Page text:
Last month, the federal government fully extricated itself from its investment in General Motors, selling its remaining shares on the stock market. The government injected almost $50 billion into the company to save it from a bankruptcy process, taking claim to 60 percent of the company’s stock for its troubles. By disposing of the stock over time, it recouped all but $10 billion of that investment.
While the controversy over the government takeover having receded, a few have suggested that the government should have held onto its shares longer: If profits keep growing, share prices would have risen too, which might have allowed the government to break even on its investment. But wisely, the government eschewed such thinking and sold its stock as expeditiously as possible.
Why was this wise? Because having the government own even a portion of a profit-maximizing concern is fraught with inherent conflicts that make life difficult for any CEO and corporate board wanting to do what’s best for their shareholders.
This is still an ongoing problem: While the government has divested itself of GM stock, it has chosen a completely different path with Fannie Mae and Freddie Mac. Just as with GM, the government essentially took over the two entities, teetering on the edge of bankruptcy, in 2008. The government placed them into what’s called a conservatorship, which gave the government ownership of just less than 80 percent of common stock, with preferred bondholders retaining the other 20 percent.
The reason the government chose this arrangement was to avoid adding the cumulative debts of the two (which at the time were in the trillions of dollars) to the federal balance sheet. Running a deficit approaching $1.5 trillion in 2009 frightened the markets enough; adding another few trillion dollars to that might have created an entirely new set of problems in the financial markets.
The two hemorrhaged money for a couple years after the bailout, but as the economy and the housing market improved, Fannie and Freddie returned to profitability. It soon appeared that their booming profits might allow the government to recoup its investment and extricate itself from the mortgage business altogether.
However, the government showed no interest in such a path. In 2012, the U.S. Treasury quietly changed its contract with the two GSEs and changed the financial position of the other shareholders.
Instead of being content with the 10 percent dividend it assigned itself, along with the bulk of any profits from a future stock sale, Treasury takes the entire net worth of Fannie and Freddie each quarter. At the end of 2013, this amounted to a total of $185.2 billion since the peremptory imposition of this policy. That’s roughly $2 billion shy of making up for taxpayers’ entire investment.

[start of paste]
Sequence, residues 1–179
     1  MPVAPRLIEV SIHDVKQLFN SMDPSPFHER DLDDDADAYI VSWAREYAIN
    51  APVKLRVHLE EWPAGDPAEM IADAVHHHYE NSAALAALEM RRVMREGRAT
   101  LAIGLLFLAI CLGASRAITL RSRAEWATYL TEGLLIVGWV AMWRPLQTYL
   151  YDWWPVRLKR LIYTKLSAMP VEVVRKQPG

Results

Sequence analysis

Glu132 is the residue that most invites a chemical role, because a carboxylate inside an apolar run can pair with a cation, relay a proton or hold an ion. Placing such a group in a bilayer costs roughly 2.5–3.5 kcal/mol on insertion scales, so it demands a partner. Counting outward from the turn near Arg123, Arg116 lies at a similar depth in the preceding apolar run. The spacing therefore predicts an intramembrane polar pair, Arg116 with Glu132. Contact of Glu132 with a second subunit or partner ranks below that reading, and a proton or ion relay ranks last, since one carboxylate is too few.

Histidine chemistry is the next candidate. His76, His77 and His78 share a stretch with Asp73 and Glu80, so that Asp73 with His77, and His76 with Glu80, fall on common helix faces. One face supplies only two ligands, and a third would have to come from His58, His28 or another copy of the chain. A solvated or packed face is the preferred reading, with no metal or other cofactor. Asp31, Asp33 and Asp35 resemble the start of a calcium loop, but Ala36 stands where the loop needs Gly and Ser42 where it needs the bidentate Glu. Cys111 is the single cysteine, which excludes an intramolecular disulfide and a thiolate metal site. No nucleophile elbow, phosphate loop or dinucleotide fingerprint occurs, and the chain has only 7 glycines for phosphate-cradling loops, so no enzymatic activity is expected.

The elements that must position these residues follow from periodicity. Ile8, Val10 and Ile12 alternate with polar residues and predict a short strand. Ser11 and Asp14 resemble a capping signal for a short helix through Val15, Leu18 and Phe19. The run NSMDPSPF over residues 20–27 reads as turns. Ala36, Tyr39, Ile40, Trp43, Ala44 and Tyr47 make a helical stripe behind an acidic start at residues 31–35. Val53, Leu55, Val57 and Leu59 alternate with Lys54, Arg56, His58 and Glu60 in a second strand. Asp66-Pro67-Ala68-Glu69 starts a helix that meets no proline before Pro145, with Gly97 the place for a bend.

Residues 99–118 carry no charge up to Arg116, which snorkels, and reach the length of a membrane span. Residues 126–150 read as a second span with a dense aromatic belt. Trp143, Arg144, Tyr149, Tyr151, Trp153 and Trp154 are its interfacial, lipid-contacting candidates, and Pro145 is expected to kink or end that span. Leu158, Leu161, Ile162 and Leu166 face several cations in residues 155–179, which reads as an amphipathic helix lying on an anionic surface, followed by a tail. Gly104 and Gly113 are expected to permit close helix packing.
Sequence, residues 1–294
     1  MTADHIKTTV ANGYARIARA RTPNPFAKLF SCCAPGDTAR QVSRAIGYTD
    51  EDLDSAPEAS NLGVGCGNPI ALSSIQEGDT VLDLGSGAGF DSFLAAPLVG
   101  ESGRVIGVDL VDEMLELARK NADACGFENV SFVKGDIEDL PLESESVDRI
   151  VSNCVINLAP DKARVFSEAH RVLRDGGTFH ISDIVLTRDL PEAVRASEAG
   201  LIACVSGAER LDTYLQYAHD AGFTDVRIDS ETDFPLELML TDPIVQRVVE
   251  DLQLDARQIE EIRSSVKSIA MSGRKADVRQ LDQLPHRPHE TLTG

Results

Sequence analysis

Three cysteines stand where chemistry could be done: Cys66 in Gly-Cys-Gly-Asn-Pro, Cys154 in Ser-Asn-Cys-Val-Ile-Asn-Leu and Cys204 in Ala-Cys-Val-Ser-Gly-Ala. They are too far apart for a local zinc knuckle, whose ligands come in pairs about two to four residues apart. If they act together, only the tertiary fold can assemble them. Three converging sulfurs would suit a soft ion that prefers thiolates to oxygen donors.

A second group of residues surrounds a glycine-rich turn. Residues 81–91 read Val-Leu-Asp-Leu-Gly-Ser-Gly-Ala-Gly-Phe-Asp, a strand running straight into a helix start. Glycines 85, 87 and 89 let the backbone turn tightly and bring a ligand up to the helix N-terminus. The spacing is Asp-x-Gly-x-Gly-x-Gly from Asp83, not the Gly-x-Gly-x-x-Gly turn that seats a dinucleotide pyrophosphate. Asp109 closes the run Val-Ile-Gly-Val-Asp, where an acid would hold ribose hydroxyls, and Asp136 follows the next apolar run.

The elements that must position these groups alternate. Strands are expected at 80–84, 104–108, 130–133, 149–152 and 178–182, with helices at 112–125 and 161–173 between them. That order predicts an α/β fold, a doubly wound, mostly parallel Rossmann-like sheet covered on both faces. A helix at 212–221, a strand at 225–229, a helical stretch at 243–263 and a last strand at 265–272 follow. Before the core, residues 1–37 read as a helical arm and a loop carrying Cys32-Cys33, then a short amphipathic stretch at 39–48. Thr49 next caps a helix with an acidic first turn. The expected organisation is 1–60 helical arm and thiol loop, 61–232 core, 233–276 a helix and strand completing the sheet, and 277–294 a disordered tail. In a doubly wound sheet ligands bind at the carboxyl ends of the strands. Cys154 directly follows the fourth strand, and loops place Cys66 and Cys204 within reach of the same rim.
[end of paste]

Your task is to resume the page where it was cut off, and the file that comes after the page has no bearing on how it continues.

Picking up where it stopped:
At this pace, the treasury will recoup its investment by sometime in 2014, but there’s no reason to believe that the government will even then exit the mortgage business: Treasury mandarins have opined in the press that the business of home mortgage financing is “too important” to be left solely to the markets.
But the government’s arrogation of the firms has created numerous problems. For starters, it’s crippling the GSEs. Disgorging their net wealth every quarter means they have little money available to improve how they do business, retain key employees, or even attend to the-day-to-day matters of running large, complex enterprises.
Secondly, imperiously changing the terms of its deal with Fannie and Freddie and the other shareholders sets a terrible precedent, one to which the Obama administration’s other behavior has added credence.
Put simply, this government has never seen itself as bound by the rule of law. It showed this contempt in the GM bailout, when it subjugated the bondholders to the claims of the union health-care plan, in clear violation of federal bankruptcy law and a couple of centuries of precedent. It felt free to ignore an insufficiently pliant Congress when it saw the need to make changes to the Affordable Care Act.
The Treasury’s altering of the terms of the conservatorship smacks of the government trying to have it both ways: It got the benefits — keeping the trillion-dollar-plus debts of Fannie and Freddie off the government’s balance sheet — but then managed to slough off the price of such an arrangement by squeezing out the other shareholders.
The government’s advocates tell us not to feel sorry for the hedge funds and “speculators” who own the other 20 percent of Fannie and Freddie, but such a blithe attitude smacks of a class war from another century. If we can ignore contractual obligations because the other party has been deemed to be unfit for some reason, where on earth does that leave us?
The ranks of Fannie and Freddie stockholders include more than just leviathan hedge funds: The community bank from my hometown in central Illinois held over $1 million of preferred stock in Fannie Mae — on a government bank examiner’s recommendation. It was a loss the bank could ill afford.
While the government has a right and an obligation to recoup its investment in Fannie and Freddie, it has no right to change the original terms of its arrangement to boost its take and squeeze out the other investors. The feds’ continuing insistence that they are above the law when it comes to economic contracts is a dangerous precedent that could complicate the government’s ability to act in any future crisis.
— Ike Brannon is a senior fellow at the George W. Bush Institute and president of Capital Policy Analytics, a consulting firm based in Washington, D.C.